Yoga, meditation surging in popularity in US
(HealthDay)—If it seems like everyone you know is trying yoga or meditation, you might be right. A new government survey shows that the number of Americans practicing the "mindfulness" techniques has surged in the past few years.
In 2017, more than 14 percent of U.S. adults said they'd practiced yoga in the past year—up from 9.5 percent in 2012. Meanwhile, the number of meditation practitioners more than tripled—from 4 percent to 14 percent.
Even kids are getting into mindfulness. In 2017, the study found, more than 8 percent of 4- to 17-year-olds had practiced yoga in the past year—up from 3 percent five years earlier, the U.S. Centers for Disease Control and Prevention reported Thursday.
And while few kids were taking time to meditate in 2012 (less than 1 percent), more than 5 percent were doing so in 2017.
The survey did not ask people why they'd taken up these ancient practices. So it's not clear what's driving the rise in popularity, said researcher Lindsey Black, of the CDC's National Center for Health Statistics.
She said it's unclear how many Americans might have turned to yoga or meditation to manage health conditions, or simply for "general wellness." Nor did the survey ask people whether they regularly practiced or had just dabbled in the techniques.
"We just know these practices are becoming more popular," Black said.
According to marketing claims, belly breathing, tree poses and other time-honored techniques can help kids de-stress, navigate social cliques, and even fend off flu.
Adults are told they'll develop a better outlook, better posture, better sleep and more if they use their yoga tools.
Media focus could be boosting the popularity of yoga and mindfulness, said Ted Meissner, of the University of Massachusetts Medical School's Center for Mindfulness.
The university is the birthplace of mindfulness-based stress reduction (MBSR), a guided program that combines particular meditation techniques and gentle yoga. It's considered the "gold standard" mindfulness technique in scientific research.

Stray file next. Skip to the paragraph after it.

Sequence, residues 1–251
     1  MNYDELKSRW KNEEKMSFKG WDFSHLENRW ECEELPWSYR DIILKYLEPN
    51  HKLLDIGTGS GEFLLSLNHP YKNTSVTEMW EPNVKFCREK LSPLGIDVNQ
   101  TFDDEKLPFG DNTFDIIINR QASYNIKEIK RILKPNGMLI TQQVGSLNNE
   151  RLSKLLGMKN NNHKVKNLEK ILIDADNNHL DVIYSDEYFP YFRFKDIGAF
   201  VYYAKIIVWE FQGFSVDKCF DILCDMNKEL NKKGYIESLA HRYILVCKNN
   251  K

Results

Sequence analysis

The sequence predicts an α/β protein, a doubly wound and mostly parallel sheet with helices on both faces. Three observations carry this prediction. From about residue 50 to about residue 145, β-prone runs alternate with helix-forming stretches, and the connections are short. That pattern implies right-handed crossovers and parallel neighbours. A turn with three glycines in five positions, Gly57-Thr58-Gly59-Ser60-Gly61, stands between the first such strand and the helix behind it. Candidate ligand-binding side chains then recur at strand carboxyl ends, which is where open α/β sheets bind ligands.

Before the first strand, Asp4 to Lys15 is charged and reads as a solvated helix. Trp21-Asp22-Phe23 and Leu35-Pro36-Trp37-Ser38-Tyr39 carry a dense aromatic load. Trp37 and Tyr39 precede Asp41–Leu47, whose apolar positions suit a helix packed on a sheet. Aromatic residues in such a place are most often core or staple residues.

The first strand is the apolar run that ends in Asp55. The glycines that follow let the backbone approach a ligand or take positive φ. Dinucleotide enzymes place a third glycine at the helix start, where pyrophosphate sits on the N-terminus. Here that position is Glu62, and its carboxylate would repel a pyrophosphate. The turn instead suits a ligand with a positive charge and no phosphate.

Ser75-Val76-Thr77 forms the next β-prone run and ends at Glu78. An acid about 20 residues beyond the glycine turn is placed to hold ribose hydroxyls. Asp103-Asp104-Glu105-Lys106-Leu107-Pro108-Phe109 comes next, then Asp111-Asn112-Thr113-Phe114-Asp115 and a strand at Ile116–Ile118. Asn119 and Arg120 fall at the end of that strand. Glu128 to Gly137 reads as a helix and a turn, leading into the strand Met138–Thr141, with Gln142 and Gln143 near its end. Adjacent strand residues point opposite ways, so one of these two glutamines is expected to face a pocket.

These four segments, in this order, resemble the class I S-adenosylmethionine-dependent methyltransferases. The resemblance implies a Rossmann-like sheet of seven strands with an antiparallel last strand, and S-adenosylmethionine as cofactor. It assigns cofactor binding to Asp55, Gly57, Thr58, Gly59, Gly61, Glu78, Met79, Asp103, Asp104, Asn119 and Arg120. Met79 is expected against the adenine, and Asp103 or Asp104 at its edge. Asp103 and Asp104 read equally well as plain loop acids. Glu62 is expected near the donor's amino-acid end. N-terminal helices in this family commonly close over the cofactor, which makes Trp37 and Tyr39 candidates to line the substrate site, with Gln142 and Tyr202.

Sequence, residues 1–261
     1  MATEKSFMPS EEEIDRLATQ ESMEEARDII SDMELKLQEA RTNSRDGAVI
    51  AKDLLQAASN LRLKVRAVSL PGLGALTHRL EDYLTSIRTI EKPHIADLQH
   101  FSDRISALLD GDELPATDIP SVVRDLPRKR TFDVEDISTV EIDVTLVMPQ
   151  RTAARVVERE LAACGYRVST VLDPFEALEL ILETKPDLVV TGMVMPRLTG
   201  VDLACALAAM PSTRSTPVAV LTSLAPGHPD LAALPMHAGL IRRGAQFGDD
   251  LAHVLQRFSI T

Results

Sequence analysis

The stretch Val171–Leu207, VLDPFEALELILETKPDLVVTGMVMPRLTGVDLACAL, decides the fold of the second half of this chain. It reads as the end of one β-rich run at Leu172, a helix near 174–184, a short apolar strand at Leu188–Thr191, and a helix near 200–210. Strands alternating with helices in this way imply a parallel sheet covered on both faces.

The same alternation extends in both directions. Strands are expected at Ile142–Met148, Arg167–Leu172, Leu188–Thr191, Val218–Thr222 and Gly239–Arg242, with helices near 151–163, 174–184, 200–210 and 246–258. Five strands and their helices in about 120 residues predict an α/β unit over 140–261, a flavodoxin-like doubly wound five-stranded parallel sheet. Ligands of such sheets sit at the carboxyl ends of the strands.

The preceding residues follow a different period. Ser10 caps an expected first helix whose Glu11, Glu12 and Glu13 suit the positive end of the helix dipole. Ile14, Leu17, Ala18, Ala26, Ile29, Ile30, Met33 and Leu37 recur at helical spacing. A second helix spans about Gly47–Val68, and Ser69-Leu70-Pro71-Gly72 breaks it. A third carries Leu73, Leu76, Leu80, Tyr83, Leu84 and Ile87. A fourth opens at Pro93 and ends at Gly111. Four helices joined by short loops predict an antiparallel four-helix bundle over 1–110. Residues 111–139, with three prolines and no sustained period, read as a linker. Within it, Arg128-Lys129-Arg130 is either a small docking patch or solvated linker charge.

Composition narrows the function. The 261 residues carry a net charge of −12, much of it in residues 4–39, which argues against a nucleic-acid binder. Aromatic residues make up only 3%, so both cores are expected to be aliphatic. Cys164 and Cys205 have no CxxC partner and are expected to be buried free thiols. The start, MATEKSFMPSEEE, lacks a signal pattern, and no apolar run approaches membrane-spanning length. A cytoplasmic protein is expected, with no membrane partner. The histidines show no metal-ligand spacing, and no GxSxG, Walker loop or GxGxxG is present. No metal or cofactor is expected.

In recent years, Meissner said, there has been a "sharp spike" in studies looking at the effects of various mindfulness approaches—such as whether they can help treat health conditions as diverse as chronic pain, heart disease, memory problems, anxiety, depression and addiction.
That has come with a surge in media coverage, Meissner said.
But much of that research has had major limitations, he added. For one, most studies have lacked "control groups" where people get some other intervention for comparison.
The media have also given lots of attention to studies showing that when people meditate, their brain activity changes. But the significance of those findings to daily life is unknown, Meissner said.
What is mindfulness? The Center for Mindfulness offers this definition: the intention to pay attention to each and every moment of our life, non-judgmentally.
But when it comes to research, there isn't even a universally accepted definition of the term, Meissner said. It's much less straightforward than studying a drug, he noted.
For now, Meissner suggested that if people are interested in meditation or yoga, they go in with reasonable expectations. If you're looking to rid yourself of anxiety, he said, the practices may not be for you.
"Mindfulness is not a panacea," Meissner said.
He also advised "doing your homework" before investing in classes or courses. There are various forms of yoga and meditation—so understand what type you're signing up for. And, he said, check out the teacher's credentials, including whether he or she trained with a reputable program.
Even something as safe-sounding as meditation does have the potential to do harm, Meissner said, if, for example, it's touted as a replacement for standard anxiety or depression therapies.
Copyright © 2018 HealthDay. All rights reserved.